One way to solve this is to deploy Jamm on another server, perhaps on a Linux distribution better suited for tomcat. Another way is to use phamm - an alternative interface written in php with even more features than Jamm.
About cyrus-sasl... the story isn't pretty either. There are no alternatives (which don't imply recompilation of postfix and manual integration with another sasl library) and the ldap authentication plugin isn't talking to openldap. I'll have to get this working one way or the other.

The good

On the upside, LDAP is working well and makes management potentially so simple! Dovecot is a fresh, actively maintained IMAP/POP implementation and Postfix is very rich in features that make things such as aliasing, virtual domains, tls negotiations very easy to setup.

Migrating IMAP/POP service

As a sidenote, for migrations between IMAP implementations, Dovecot needs some tweaking for compatibility with courier-imap namespaces. courier-imap aparently uses an implicit INBOX namespace that needs to be defined in dovecot configuration, otherwise it won't find existing folders. As a reference this is, at least, for dovecot 1.0rc10.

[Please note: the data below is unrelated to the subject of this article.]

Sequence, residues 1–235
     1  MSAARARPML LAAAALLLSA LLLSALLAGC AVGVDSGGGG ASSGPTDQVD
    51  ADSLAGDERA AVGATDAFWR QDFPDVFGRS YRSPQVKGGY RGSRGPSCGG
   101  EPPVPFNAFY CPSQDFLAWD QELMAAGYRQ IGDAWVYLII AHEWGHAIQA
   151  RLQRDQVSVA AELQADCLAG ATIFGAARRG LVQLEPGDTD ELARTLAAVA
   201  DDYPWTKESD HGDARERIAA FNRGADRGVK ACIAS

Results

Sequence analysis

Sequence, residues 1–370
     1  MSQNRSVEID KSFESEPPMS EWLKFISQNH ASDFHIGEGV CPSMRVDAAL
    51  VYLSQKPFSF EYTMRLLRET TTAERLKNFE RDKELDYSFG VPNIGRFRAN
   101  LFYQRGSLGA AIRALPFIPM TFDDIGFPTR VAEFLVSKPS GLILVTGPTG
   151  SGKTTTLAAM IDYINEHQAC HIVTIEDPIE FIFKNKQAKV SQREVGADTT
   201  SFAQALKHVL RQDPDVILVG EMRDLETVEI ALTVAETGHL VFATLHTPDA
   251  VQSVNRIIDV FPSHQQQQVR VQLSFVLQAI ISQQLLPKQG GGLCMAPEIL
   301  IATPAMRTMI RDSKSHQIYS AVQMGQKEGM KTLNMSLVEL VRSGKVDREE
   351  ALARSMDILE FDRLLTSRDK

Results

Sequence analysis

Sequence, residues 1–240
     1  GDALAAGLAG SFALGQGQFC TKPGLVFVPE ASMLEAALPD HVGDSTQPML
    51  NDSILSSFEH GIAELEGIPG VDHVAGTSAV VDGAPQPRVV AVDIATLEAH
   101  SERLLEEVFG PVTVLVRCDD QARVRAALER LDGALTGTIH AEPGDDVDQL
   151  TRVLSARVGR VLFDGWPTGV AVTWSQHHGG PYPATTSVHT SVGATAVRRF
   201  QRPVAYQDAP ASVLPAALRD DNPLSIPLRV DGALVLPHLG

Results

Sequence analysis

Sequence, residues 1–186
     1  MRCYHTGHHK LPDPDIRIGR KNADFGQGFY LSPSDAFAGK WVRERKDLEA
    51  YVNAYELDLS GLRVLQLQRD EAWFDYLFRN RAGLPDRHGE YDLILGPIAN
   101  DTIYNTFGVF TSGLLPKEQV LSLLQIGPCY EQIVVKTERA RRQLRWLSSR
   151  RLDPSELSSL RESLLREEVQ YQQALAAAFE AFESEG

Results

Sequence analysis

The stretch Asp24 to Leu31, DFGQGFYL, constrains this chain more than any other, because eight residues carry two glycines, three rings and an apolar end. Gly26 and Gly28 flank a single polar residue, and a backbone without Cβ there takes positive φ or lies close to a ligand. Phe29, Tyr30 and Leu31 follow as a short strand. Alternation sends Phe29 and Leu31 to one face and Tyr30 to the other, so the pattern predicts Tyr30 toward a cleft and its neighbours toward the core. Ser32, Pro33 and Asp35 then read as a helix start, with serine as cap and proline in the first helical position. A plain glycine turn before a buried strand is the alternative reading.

The following namespace should be defined in addition to the default_env
# Courier-imap compatibility
namespace private {
separator = .
prefix = INBOX.
inbox = yes

Service monitoring tool

Time to wrap up with a service watchdog tool: monit. monit monitors and acts on configured processes and/or files. Processes can be restarted if they somehow die, if thei're using up more than a specified resource limit, files and directories can be monitored for changes, etc. Events are, of course, notified and the system can monitor remote services via authenticated SSL tunnels (for example). Finally, there's a cool web interface to access all this lovely information. I have to say, I was impressed by the website and the tool looks damn good!

That's it for now,